Many predict that Taiwan’s Democratic Progressive Party (DPP) will return to power in 2016. The party has sought to “rebrand” itself as a “responsible” alternative to the ruling Kuomintang (KMT). But U.S. defense planners cannot help but wonder if the DPP will seek to entrap the U.S. in a cross-strait crisis in an effort to achieve its dreams of independence from China. Tsai Ing-wen, the DPP presidential candidate, has done little to assuage such fears. The candidate’s positions on many of the most important issues of the day remain opaque and unclear, especially her plans for handling relations with Beijing. And despite its lead in the polls, there are concerns that the DPP has given up on democracy. For example, it is reportedly embracing a Middle Eastern practice known as “rent a mob” and subsidizing extremists who attack Taiwan’s government ministries. This makes it increasingly difficult for Americans to sensibly argue that Taiwan is a “model of democracy.”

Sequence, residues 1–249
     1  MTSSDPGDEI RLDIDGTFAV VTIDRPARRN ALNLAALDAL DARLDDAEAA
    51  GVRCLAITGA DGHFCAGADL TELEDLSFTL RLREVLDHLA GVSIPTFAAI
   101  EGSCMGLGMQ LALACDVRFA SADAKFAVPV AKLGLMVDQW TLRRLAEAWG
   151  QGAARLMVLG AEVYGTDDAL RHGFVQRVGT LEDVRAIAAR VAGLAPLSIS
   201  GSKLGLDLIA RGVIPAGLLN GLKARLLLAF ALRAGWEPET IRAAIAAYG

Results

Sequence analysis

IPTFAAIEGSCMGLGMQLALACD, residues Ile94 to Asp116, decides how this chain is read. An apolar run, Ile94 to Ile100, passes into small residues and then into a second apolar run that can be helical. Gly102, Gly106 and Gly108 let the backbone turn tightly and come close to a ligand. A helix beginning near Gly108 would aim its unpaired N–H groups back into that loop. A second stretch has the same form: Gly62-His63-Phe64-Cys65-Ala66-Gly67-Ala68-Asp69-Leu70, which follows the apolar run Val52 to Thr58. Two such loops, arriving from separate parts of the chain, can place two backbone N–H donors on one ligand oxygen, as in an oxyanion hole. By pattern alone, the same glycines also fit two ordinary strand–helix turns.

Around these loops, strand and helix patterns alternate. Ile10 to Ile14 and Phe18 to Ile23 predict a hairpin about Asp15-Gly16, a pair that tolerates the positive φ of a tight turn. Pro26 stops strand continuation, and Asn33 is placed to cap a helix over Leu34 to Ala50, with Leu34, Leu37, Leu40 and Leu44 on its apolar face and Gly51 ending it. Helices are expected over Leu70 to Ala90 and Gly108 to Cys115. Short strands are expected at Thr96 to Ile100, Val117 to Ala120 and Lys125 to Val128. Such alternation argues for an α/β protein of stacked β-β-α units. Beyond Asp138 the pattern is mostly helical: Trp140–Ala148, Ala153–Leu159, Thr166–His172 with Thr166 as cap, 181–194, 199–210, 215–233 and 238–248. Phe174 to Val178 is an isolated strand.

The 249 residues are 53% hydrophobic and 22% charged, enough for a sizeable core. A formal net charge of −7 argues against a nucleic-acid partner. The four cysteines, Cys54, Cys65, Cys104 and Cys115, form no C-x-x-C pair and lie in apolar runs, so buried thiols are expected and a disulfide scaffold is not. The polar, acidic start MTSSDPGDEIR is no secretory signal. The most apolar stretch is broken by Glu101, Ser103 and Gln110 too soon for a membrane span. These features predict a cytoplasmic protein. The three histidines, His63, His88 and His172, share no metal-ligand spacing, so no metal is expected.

The U.S. is Taiwan’s primary security partner and the only country that might provide it with military support in a conflict with China. In the event of war, there will be no “coalition of the willing.” America cannot expect assistance from Canada, Australia, or any country in Europe. When discussing America’s failure in the Vietnam conflict, the late Robert S. McNamara, former U.S. Defense Secretary, warned that if the U.S. cannot persuade governments with similar interests and similar values of the merits of multilateral military action, it should think long and hard before proceeding unilaterally.
The world is changing. But the fundamentals of U.S. policy toward Taiwan have not changed for decades and U.S.-Taiwan security ties remain largely frozen in time. Many policies that were deemed necessary in the 1970s are obsolete today. Does this observation apply to America’s defense relationship with Taiwan?
To be sure, this question makes some uncomfortable. And Washington should not rush to strengthen, revise or repeal the U.S. security commitment to Taiwan. However, it makes little sense to adopt an inertial approach to the matter. Irrespective of one’s position toward the Taiwan issue, there are questions about this bilateral defense relationship that deserve thoughtful study and debate among Americans at both the popular and elite levels.
Dennis V. Hickey is Distinguished Professor of Political Science and Director of the Graduate Program in Global Studies at Missouri State University and the author of numerous books and articles about U.S.-Taiwan security relations.